There's lots to consider once you get to the interview stage. Here are some helpful tips on how to proceed, some do's and don'ts. Remember you cannot over prepare for an interview. Take it seriously, put your best foot forward, relax, enjoy and be happy that you made it to this stage. Statistics say that only 6% of all online applications you make will result in an interview. Given the law of large numbers, you need to be proactive here . . . the interview is the result of a lot of hard work on your part.
Several points to consider first:
1. Research the company that you are applying for - look at their website, and do a thorough Google search.
2. Do the same for the position that you are applying for.
3. Know your worth, and believe in your worth.
4. Be prepared for the the tough question, i.e., "what are your salary expectations?" You need a number here - if you ask what the job pays, be prepared to get a "low ball" offer.
5. Dress for success - you only get one chance to make a first impression. Make a good one!
6. Don't be late for your interview - understand that there could be delays in terms of your transportation, and parking and parking can sometimes be an issue.
7. Have a copy of your resume (CV) with you - you may need to refer to it, so better safe than sorry.
8. If the opportunity presents itself, ask "why did you select me for an interview for this position?" The hope is that the interviewer will say something positive, and this will be an "ice breaker."
9. Jobs can be difficult to come by, the fact that you are interviewing for this job is a great thing - understand this, embrace this and know full well that this is an significant accomplishment.
Expect any and / or all of the following questions:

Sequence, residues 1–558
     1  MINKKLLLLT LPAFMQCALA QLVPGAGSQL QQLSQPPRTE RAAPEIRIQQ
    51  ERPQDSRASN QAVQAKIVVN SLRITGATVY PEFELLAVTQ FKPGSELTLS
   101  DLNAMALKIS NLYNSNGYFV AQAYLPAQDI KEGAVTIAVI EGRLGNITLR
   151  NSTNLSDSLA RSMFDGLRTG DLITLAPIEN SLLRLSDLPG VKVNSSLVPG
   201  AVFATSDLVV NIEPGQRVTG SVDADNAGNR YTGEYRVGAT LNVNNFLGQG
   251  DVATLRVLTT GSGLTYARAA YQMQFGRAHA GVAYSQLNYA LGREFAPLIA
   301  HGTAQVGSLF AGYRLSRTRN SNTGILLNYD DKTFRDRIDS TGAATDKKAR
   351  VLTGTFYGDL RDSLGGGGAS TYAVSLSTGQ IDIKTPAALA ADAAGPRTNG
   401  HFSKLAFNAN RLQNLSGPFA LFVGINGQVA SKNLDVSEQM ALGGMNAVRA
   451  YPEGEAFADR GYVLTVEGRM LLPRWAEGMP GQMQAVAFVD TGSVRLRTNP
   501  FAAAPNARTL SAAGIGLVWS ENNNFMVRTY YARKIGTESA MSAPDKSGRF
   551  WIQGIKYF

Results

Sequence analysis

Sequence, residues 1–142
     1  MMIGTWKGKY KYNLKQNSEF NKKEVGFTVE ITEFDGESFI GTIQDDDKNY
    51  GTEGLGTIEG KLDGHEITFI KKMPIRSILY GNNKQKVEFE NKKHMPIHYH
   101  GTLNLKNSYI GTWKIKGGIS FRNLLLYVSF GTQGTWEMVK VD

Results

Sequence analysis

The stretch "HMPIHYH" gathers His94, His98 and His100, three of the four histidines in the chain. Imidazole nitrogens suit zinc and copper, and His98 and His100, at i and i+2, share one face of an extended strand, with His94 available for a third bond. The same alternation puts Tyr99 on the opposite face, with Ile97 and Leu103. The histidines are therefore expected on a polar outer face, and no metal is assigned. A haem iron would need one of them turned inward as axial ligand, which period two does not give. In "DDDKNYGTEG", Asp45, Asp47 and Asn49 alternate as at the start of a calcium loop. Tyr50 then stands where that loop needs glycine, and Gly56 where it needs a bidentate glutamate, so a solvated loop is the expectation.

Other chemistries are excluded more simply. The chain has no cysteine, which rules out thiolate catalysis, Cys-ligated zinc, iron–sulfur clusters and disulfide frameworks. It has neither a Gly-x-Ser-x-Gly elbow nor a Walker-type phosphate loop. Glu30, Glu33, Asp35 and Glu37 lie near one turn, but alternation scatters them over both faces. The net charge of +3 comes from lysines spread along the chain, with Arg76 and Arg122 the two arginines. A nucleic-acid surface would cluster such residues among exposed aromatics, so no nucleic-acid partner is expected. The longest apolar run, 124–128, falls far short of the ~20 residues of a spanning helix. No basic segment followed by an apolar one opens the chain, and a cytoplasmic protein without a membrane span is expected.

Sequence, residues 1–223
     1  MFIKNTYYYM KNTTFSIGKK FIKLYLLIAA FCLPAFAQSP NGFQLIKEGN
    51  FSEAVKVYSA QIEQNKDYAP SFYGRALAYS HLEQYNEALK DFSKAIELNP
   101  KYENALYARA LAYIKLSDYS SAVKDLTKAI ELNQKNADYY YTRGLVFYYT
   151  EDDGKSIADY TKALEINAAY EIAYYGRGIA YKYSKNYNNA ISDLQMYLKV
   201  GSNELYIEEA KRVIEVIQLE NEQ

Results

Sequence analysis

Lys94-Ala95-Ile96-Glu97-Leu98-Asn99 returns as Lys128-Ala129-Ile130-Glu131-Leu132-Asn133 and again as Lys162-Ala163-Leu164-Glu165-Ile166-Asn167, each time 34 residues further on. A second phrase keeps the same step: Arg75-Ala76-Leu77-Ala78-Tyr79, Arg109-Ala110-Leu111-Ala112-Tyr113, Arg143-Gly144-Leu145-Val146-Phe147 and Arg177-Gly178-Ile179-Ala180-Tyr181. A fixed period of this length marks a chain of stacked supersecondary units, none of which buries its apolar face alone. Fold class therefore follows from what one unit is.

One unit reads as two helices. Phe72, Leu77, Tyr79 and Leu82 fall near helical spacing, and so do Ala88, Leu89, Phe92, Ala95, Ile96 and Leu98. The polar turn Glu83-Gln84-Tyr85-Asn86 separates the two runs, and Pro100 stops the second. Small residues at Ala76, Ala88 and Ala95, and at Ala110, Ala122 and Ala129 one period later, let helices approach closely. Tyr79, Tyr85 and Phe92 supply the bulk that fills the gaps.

1. What are your salary expectations?
Be honest, and give a number that you can live with, the best time to negotiate is on the frontend of the process, after the fact likely means that you will be given the salary that the company wants to give you (and you may not be happy with this).
2. When can you start?
Be honest, and be prepared, when can you start, companies will try you on for size here - if you can't commit to this question / answer, then how are you going to do throughout your term with the company.
3. Why do you want to work here?
Well, don't say, "I don't know." That's basically, the worst answer that you could have given. Also, don't say, "I just need a job." That's not going to cut it as well. Both may in fact be true, however, the reason you want to work for this company is: potential for growth, positive corporate reviews and atmosphere, skill set matches the job requirements and you're excited about the opportunity to take on a "healthy" challenge.
4. Give an example of when you did not perform well as a manager (or something along these lines)?
This is a standard HR play - basically, you need to fault yourself in such a way that the fault can be consider a positive attribute, i.e., "I like to be thorough with respect to replying to my emails, and as such, I sometimes take longer to clear out my inbox." This is hardly a fault but your answer to this common (somewhat, "trivial") question will likely let the interviewer move on to the next question.
Some Do's and Don'ts
1. Turn your cellphone off before the interview starts. If you forgot, don't answer any incoming calls for any reason.
2. You have two ears and one mouth - listen first (carefully) to questions before you answer.
3. Let the interviewer do their job - they know what they want to ask, so don't turn the table around and become the interviewer (i.e., asking too many questions is not going to help your cause in the least).
4. Don't eat during the interview, even if something is offered, it is better to say "no thanks" rather than spill something on your clothing, or make a mess of a conference table.
5. Resist the urge to take notes, you'll end up drawing out the interview process and seem like a "micro manager"). If you need to take any notes, just fix in on something that may be asked of you to provide, i.e., list of references, contacts, etc.
6. Avoid getting into traps, i.e., discussing political, religious, social, controversial, or other such - nothing can be gained in a discussion along these lines. This type of questioning is not appropriate; however, it may come up and be prepared to direct the conservation to another area that you feel comfortable with.
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